Every so often, a group of developers comes around who really knows what they're doing. Sure, they fall short sometimes, or they take forever to come out with a new hit. Freebird Games is one such studio - sure, they're games are simple in terms of gameplay (in fact, one could argue they aren't even RPGs), but that doesn't really matter, does it? When you craft a story that effortlessly tugs at the heartstrings of even the most hardened player, you can get away with a lot.
As I sit here, typing this review, I am still thinking about Finding Paradise, and that's a difficult feat to accomplish! I've played countless games and their sequels, and I've never played a game that so loyally lives up to the expectations of its predecessor. Unfortunately, this also means that it has the same issues as its predecessor. So, let's dive in.
Colin and his wife, with their son.
So, Finding Paradise follows the same doctor's as before, Dr. Rosalene and Dr. Watts, as they take on a new client named Colin Reed. Although, there's something strange about this patient. His memories seem out of order, and his request is nothing like Rosalene or Watts has ever seen before. It's a different, yet familiar outing in the To the Moon universe, but this new addition is definitely a welcome one.
Rosalene and Watts on a plane!
Much like the previous game, it's difficult to find anything too wrong with Finding Paradise. The story is just as solid as its predecessor, and even takes a few new steps to expend on what the previous game brought to the table. It's hard to write too much about it and not give any spoilers, but I can tell you that there's a lot going in this new title. It still floored me - the deeper we went in Colin's memory, the more I needed to see. Especially since he seems to be an odd case.
At risk of revealing too much, Colin's memories move in an odd pattern. You could feel the cautious worry that Rosalene and Watts had as they moved through this man's head. It was a nice little twist that kept me interested (most of the time). Then there's the side story of Dr. Watts, who had sort of an ambiguous ending in the previous game - again, this was a nice twist, but honestly, it can be easily guessed.
Another interesting addition was the addition of new characters from Sigmund Corps. and getting to see an actual interaction with the big wigs!
Then, you have the soundtrack, which - while not as iconic - worked really well. It did an amazing job in conveying the emotion of the scene and blending into the background enough to seamlessly assist in storytelling. I may not be shelling out the money to buy it, but I am definitely grateful that its there.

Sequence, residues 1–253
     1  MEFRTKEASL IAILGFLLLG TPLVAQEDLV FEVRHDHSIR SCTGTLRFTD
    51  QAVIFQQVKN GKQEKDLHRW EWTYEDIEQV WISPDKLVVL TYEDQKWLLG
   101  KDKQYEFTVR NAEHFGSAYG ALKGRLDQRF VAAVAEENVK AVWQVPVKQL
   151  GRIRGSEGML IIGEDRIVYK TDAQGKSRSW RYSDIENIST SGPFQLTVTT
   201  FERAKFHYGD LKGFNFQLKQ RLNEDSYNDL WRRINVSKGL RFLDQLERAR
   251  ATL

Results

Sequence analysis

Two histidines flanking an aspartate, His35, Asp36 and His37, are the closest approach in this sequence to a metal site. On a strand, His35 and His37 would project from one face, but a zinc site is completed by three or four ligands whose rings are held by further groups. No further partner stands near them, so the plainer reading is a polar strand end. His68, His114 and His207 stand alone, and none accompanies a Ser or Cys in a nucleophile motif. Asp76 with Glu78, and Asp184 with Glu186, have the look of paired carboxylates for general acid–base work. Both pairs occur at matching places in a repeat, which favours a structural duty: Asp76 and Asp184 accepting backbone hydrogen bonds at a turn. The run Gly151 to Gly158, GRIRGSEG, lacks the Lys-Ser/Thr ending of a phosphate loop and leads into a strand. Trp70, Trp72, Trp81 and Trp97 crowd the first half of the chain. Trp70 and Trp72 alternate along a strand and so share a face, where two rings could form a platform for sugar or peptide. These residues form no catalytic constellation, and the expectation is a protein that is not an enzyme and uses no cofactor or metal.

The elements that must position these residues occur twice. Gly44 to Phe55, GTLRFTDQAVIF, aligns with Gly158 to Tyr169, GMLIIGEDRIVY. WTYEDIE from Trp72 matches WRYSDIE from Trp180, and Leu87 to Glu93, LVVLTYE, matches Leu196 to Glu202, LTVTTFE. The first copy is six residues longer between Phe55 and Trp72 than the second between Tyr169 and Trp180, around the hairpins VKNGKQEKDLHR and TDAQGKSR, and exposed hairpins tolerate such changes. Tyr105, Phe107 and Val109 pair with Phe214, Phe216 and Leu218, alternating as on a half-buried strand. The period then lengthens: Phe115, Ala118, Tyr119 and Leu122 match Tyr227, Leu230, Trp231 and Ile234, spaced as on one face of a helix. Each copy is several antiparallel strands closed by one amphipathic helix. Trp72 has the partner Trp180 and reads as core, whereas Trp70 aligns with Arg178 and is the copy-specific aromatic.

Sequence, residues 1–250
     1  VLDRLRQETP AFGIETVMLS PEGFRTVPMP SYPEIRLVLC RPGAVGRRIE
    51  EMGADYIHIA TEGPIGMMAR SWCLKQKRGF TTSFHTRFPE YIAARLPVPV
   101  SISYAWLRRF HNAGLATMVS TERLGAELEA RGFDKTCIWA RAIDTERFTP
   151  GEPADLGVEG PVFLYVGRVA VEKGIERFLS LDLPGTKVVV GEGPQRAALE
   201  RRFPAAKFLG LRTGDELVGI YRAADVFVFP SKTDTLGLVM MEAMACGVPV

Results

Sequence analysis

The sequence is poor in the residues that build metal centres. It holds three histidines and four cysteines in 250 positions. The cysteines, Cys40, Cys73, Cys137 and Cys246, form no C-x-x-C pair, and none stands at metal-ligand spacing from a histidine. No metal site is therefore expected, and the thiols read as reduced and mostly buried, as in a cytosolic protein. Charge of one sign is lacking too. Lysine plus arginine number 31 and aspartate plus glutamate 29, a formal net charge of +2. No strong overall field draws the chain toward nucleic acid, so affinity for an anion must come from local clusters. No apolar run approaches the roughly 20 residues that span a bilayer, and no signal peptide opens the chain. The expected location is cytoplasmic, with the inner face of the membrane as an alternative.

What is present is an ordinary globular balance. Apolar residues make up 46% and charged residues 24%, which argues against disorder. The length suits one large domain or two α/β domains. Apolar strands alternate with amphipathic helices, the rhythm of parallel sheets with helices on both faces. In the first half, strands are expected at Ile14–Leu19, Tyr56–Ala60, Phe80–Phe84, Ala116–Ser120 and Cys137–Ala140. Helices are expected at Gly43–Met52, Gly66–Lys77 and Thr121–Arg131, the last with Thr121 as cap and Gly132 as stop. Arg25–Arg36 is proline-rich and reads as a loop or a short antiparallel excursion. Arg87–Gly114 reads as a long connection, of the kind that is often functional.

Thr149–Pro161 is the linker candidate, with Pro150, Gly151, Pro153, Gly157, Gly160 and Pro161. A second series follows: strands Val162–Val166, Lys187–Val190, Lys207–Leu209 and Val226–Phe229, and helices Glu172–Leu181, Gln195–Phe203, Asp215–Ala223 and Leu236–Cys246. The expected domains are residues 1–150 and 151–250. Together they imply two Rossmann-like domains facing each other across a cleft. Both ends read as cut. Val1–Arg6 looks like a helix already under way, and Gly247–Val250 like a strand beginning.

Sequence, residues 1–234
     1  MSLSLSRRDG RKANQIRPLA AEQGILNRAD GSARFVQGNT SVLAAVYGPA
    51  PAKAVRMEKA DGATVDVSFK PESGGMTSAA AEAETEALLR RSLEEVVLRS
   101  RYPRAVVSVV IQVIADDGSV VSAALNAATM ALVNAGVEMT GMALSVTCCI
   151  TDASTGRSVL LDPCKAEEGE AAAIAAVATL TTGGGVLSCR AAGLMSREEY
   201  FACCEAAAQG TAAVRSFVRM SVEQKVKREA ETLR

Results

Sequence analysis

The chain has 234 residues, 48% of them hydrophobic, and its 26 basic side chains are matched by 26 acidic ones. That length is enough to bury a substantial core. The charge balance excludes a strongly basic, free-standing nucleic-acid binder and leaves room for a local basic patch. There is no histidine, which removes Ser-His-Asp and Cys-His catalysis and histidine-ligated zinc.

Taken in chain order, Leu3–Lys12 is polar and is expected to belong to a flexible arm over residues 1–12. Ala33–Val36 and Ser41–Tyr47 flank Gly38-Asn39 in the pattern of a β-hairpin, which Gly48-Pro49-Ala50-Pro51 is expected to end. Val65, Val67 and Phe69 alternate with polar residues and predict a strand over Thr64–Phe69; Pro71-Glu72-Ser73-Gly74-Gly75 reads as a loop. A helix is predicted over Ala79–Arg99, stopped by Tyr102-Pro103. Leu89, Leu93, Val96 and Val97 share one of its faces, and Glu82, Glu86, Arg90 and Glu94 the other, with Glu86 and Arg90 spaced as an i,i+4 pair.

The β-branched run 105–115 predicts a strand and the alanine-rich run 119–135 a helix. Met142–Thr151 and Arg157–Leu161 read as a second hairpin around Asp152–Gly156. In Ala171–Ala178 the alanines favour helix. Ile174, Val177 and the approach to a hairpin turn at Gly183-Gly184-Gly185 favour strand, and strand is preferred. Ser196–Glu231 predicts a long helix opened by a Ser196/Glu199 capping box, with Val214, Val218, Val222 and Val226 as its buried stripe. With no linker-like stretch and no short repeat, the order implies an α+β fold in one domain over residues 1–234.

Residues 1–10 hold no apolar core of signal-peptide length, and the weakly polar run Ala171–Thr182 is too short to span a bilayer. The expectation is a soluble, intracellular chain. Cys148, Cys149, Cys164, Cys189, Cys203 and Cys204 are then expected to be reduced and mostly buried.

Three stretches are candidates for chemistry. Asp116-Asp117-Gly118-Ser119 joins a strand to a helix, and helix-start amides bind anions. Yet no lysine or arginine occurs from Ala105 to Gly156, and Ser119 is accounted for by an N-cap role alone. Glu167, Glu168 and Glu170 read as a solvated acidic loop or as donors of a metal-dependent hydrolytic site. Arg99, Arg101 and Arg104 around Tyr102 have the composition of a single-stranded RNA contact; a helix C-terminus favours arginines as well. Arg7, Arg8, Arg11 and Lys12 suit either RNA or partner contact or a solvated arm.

This. Game. Is. So. Slow. RPG Maker can be a really great thing, and these developers have used it to the extreme, but that doesn't make up for the tedious nature of the gameplay. It's more of a personal thing on my part - but if you're going to have such an intricate story, then you better provide me with some sort of reprieve from the incredible amount of talking.
Is it unfair of me to say this? Maybe. After all, I knew what kind of game this would be when I booted it up. But, I argue that this is just an issue that this series has. Instead of providing fun, amusing ways to move throughout the game - it relies solely on the player's interest in the story to push forward. It's ingenious, because it works, but if you're anything like me - walking around a house looking for memory orbs got really annoying, real quick.
I love a good story, but you've got to give me something else! You just have to! Otherwise, my interest will inevitable wane, and I'll move onto another game with actual gameplay.
THE BOTTOM LINE
Play this game. It is as good and as flawed as its predecessor. Sure, it can get boring, because there's not much to do. But, the story will keep you engaged. Even if you have to stop for a couple of hours and prep for it, you will come back. That's the beauty of this series - even through its non-traditional, Visual Novelesque approach still manages to work. You still laugh at Watts' and Rosalene's chemistry, and cry as you unravel more and more of the story.
It's not perfect, but it's good - and everybody should play at least one good game in they're lives. So, why not make it this one?
Shann Smith is a lover of video games and has played RPGs since he could hold a controller. He is a freelance writer, playwright, screenwriter, and also writes the Video Gay-Mer column on Popdust! If you have any RPGs you'd like him to unpack, hit him up!
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